The quality of learning achieved in university depends on many factors, with approaches to learning and studying being only one important aspect. To optimize learning among our university students, it is necessary to understand the learning processes that make high-quality learning outcomes possible. How students learn and study has been described extensively encompassing many overlapping aspects, using different terms: eg. learning approaches, learning styles, learning orientations, learning strategies and study skills. Approaches to learning and studying can be described in simple terms as ‘how students tackle their everyday academic tasks’. There are three main approaches to learning and studying eg. deep approach, surface apathetic approach and strategic approach. Identifying learning approaches and taking necessary actions to promote the more desirable learning approaches is necessary to achieve optimum learning. This presentation describes learning approaches and how to optimize them.
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This guidance was released today in the UK and if you haven't read it, it comes into effect in April and essentially is saying: we are allowed to maintain private online social profiles but must be aware if patients can access these and how we handle it if they contact us; any opinions voiced we have to make it clear it is our own and conduct yourself online as you would face to face with regards to confidentiality and boundaries.
This is quite interesting for me, as in our medical school there have been select cases of social media being used in disciplinary processes and I know myself that some of the photos I had on Facebook (I have deleted it) were not exactly portraying myself as the 100% professional doctor the GMC would love me to be.
But then reading the guidance, it makes no mention of content from when you were younger. When I'm an F1 will anybody really care about the drunk photos of me from freshers week 6 years ago and will these be taken out of context? I get the impression most people won't, but some might.
I really think they should have put a summarising take-home message in there somewhere: don't take the p**s, think before you post, don't give out medical advice as anything but your opinion and you'll be fine.
So, I think its about time I posted another blog post!
A few weeks ago I received the results from my most recent scan. I was both nervous and excited to find out my results, after months of tests and being misdiagnosed several times I just wanted to know what was wrong with me. However, as I read through the letter from my consultant I realised that my journey was just beginning. I was diagnosed with a rare stomach condition.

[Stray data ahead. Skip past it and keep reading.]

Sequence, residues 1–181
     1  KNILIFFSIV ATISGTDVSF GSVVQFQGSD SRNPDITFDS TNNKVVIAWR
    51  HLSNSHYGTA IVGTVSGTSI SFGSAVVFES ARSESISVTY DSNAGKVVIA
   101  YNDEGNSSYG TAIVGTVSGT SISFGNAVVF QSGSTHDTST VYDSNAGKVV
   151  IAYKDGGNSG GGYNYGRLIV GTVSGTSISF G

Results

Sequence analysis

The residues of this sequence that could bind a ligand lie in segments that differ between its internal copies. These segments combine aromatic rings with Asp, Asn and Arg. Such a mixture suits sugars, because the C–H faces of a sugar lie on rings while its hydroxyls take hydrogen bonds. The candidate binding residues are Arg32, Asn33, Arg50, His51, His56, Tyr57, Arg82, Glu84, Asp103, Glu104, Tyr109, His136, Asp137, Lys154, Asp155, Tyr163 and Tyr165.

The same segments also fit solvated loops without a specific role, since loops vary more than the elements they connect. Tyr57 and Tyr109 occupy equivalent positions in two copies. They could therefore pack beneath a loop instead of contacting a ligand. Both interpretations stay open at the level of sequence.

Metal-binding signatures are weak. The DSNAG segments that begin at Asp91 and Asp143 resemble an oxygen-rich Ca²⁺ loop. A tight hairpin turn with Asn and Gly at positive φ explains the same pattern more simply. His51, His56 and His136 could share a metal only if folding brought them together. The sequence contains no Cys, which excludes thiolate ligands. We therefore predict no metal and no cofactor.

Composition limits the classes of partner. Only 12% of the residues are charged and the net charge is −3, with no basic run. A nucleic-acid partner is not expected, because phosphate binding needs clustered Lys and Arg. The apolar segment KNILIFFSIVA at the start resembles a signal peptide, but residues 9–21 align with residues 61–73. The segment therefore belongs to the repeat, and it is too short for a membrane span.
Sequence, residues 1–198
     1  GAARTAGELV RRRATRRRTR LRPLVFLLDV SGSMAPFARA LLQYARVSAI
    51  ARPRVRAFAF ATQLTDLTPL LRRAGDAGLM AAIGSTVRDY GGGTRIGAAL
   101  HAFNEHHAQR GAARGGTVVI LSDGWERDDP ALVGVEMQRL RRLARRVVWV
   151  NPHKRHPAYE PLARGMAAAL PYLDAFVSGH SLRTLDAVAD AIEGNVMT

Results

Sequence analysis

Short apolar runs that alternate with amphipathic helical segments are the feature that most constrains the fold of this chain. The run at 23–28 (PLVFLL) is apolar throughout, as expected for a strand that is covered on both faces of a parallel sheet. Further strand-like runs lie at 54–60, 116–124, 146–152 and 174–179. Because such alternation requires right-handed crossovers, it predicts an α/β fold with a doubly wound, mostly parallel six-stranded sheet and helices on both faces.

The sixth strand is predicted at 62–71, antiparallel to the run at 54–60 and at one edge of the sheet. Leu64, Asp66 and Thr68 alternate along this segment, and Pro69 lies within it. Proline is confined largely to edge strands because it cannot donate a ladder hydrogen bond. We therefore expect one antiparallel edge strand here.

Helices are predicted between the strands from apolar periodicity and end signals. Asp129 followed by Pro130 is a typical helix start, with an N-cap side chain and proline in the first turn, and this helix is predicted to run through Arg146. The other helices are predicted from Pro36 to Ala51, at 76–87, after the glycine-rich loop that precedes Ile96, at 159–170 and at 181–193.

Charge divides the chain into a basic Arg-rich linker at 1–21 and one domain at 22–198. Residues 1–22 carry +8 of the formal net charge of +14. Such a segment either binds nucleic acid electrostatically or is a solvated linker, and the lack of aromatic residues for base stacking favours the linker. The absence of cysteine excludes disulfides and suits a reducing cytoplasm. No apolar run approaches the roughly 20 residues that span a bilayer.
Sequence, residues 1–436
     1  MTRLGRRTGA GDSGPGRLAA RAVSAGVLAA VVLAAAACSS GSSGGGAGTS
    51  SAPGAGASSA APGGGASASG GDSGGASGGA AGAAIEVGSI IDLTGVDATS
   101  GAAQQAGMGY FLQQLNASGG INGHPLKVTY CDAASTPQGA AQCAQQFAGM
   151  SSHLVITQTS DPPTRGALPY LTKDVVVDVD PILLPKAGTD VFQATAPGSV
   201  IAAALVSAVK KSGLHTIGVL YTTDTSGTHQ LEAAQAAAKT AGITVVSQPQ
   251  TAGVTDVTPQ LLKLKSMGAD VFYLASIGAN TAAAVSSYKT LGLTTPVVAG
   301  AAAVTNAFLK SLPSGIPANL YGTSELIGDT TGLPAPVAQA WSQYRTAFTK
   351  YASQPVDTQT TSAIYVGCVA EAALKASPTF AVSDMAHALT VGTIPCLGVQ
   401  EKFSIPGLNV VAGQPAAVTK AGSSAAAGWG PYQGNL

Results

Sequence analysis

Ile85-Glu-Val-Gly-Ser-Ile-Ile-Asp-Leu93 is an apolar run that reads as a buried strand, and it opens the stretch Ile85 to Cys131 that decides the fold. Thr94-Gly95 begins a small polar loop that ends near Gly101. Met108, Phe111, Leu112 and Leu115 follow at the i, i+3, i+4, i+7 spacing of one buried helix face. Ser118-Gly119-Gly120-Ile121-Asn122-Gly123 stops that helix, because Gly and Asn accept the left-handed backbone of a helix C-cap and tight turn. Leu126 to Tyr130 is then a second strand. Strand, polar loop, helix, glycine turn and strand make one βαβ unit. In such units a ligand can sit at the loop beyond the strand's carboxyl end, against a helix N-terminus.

Gastroparesis. A chronic illness. There is no known cure, just various treatments with limited success. I didn’t really know how to react to this news. Shouldn’t I be happy that I finally knew what was wrong?
I had convinced myself for months that as soon as the doctors found out what was wrong, they could fix it and I’d be better in no time, but this wasn’t to be. I couldn’t understand how this could happen. Slowly the reality began to sink in, I’ll probably be fighting this battle for the rest of my life.
I think the mental aspect of chronic conditions is so commonly overlooked. I’ve sat through endless lectures about the pathophysiology of illnesses but I’ve never once stopped to think what it must be like to actually have it. The way it can limit your life, from not being able to go for a drink with friends because you’re in too much pain to the countless hospital appointments that your life seems to revolve around. The thing that hit me the most is the amount of medications I have to take on a daily basis just to make my symptoms bearable. I no longer have full control of my life and that's the worst part.
This experience has given me an invaluable insight into how patients with chronic illness feel. It affects almost every aspect of your life and you can never escape. It scares me to think of the future, I never know when I’m going to get my next flare up or how long its going to last. I just have to take one day at a time and hope that when I wake up tomorrow I won’t be too nauseous.
After spending a few weeks feeling down about it all, I’ve realised that I just have to enjoy life when I can and be grateful that I can still live a normal-ish life. It doesn’t matter how much I complain, it's not going to go away, and I think I’ve finally accepted that fact.
If anything, this experience has made me more determined to achieve my dream of becoming a doctor. I’ve been a lot more motivated to work harder so that one day I can help others like me through some of their toughest times, hopefully bringing them some comfort and relief.